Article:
Monday, October 16, 2017

On temporary incumbency

134. Exercise of presidential powers during temporary incumbency.
(1) A person who holds the office of President or who is authorised in terms of this Constitution to exercise the powers of the President...(a) during the period commencing on the date of the first vote in a presidential election, and ending when the newly elected president assumes office...may not exercise the powers of the President specified in clause (2).
140. Questions as to validity of presidential election.
(3) If the Supreme Court determines the election of the President-elect to be invalid, a fresh election shall be held within sixty days after the determination.
This is where my laissez-faire attitude towards grammar and comprehension that comes to bite me in my backside. The 1st September invalidation of the 8th August presidential election have given rise to the a simple question with profound implications: is Uhuru Kenyatta bound by the provisions of Article 134 on the exercise of presidential powers during temporary incumbency?

It all depends on how you interpret the judgment of the Supreme Court on the 1st September. The Supreme Court was called to determine whether or not the presidential election was valid. It found that the election of the president-elect was invalid. The key expression in Article 140 (3) for our purpose is "president-elect". Taken together with the words in Article 134 (1) (a), "during the period commencing on the date of the first vote in a presidential election, and ending when the newly elected president assumes office", Uhuru Kenyatta is bound by the provisions of Article 134 because, notwithstanding that his election was invalidated, the period described in 134 (1) (a) is not yet spent.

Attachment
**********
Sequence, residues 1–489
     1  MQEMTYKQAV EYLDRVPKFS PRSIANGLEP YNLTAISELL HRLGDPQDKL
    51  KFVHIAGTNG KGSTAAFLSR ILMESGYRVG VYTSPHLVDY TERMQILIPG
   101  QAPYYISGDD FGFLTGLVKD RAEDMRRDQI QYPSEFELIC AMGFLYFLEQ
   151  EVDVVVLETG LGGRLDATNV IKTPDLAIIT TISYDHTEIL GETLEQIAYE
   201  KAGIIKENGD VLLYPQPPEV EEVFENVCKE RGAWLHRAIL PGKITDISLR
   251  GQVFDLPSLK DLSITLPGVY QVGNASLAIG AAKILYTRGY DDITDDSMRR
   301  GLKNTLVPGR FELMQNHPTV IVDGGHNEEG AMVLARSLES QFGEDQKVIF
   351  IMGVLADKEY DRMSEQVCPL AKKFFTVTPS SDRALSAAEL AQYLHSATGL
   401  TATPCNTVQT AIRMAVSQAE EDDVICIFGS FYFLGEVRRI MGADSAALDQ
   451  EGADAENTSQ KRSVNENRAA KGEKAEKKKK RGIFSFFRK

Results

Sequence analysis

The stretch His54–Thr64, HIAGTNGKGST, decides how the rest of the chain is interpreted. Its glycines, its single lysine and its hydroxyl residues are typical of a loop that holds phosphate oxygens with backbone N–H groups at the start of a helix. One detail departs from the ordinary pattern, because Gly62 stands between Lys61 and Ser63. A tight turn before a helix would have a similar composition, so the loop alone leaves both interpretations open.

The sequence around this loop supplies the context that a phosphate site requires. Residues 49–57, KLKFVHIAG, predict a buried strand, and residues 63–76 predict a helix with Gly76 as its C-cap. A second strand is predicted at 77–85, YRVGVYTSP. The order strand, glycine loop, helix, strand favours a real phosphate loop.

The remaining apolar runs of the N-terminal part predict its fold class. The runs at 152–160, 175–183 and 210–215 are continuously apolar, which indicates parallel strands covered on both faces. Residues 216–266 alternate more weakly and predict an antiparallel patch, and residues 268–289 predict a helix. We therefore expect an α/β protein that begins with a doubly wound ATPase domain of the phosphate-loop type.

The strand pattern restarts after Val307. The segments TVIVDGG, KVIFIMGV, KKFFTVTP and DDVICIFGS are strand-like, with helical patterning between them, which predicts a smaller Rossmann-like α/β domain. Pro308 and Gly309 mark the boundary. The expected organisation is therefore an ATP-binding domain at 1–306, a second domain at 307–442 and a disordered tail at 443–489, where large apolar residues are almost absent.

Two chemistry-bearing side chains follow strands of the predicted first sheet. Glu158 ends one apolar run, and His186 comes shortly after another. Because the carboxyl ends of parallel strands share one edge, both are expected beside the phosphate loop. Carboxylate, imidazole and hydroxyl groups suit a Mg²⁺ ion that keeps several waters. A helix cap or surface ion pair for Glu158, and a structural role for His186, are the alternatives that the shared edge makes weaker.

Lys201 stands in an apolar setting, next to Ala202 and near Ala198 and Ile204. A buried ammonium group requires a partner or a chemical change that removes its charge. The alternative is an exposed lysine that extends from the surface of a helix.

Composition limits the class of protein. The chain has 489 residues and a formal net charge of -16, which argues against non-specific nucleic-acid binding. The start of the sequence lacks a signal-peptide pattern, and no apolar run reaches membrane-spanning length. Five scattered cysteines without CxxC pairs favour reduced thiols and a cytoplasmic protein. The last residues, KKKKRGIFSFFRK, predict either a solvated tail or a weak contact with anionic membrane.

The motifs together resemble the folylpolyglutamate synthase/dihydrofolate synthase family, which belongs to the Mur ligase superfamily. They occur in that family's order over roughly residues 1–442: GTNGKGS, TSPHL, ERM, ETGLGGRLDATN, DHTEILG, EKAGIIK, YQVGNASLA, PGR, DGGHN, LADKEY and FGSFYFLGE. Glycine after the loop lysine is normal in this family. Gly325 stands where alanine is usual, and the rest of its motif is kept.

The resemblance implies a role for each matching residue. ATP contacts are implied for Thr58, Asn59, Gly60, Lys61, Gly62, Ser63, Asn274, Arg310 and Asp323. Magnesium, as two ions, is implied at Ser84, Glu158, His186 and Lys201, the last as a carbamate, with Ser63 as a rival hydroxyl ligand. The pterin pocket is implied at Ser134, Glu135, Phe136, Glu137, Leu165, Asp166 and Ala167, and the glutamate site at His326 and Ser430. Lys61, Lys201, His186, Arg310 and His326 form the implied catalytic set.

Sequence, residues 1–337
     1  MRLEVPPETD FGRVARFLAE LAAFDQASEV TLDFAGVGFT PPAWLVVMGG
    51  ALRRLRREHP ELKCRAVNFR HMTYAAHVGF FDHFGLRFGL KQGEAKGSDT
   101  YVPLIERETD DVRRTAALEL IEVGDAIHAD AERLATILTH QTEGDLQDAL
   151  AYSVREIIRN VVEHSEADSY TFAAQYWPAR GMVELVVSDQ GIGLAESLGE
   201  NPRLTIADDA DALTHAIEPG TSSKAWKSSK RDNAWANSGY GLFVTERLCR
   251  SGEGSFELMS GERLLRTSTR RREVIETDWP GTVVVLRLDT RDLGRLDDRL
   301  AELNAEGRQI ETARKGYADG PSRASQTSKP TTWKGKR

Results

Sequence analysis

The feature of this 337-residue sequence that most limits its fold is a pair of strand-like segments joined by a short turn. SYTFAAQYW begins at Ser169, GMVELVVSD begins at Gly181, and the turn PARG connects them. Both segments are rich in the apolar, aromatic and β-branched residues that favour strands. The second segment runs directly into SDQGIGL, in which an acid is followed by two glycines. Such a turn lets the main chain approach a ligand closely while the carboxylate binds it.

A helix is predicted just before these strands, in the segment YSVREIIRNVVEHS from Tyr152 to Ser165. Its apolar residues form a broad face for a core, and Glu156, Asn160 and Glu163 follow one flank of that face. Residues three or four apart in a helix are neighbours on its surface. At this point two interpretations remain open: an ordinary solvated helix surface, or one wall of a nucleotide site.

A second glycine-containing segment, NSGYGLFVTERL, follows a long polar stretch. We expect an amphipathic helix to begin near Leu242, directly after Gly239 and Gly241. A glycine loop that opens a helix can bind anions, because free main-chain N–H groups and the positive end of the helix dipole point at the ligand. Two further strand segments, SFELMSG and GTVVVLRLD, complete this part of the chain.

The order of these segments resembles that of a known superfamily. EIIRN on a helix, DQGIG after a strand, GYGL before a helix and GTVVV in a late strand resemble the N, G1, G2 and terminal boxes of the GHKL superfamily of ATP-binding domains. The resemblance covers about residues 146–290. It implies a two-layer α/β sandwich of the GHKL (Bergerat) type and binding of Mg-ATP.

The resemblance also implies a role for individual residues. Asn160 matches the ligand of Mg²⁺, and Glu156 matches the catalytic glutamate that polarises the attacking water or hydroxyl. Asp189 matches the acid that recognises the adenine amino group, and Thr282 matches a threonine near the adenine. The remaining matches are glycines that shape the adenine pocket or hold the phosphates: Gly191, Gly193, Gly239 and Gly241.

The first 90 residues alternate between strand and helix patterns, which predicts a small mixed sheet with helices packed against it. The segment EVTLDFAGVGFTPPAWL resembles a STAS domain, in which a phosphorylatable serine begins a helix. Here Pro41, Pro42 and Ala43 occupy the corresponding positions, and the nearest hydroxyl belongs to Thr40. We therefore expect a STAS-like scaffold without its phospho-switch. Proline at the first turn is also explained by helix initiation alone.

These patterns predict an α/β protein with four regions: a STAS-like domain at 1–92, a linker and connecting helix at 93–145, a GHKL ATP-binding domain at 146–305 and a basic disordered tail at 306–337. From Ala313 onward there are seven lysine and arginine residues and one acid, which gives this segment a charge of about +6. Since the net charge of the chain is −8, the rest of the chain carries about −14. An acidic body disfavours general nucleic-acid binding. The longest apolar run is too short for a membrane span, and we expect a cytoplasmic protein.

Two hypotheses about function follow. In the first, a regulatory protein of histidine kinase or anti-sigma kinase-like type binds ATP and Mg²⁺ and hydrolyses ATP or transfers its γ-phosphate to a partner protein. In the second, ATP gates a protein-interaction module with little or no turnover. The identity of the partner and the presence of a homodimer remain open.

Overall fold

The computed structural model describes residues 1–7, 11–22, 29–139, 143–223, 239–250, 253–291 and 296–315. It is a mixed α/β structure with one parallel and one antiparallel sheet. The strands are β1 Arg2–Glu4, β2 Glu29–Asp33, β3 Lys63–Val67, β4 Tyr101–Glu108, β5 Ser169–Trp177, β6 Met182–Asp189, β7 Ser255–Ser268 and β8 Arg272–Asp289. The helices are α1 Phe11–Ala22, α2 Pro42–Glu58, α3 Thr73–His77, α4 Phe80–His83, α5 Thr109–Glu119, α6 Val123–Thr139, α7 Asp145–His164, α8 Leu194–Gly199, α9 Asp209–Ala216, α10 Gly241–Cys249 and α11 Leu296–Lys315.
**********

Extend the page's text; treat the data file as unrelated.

The date of the first vote in a presidential election was the 8th August. A newly elected president has not yet assumed office. What the Supreme Court ordered, in the language of Article 140 (3), is not a presidential election but a fresh election for the office of the president. Until Uhuru Kenyatta is successfully elected on the 26th October, and a petition under Article 140 is defeated, he remains a temporary incumbent in the office of the president and is bound by the provisions of Article 134.

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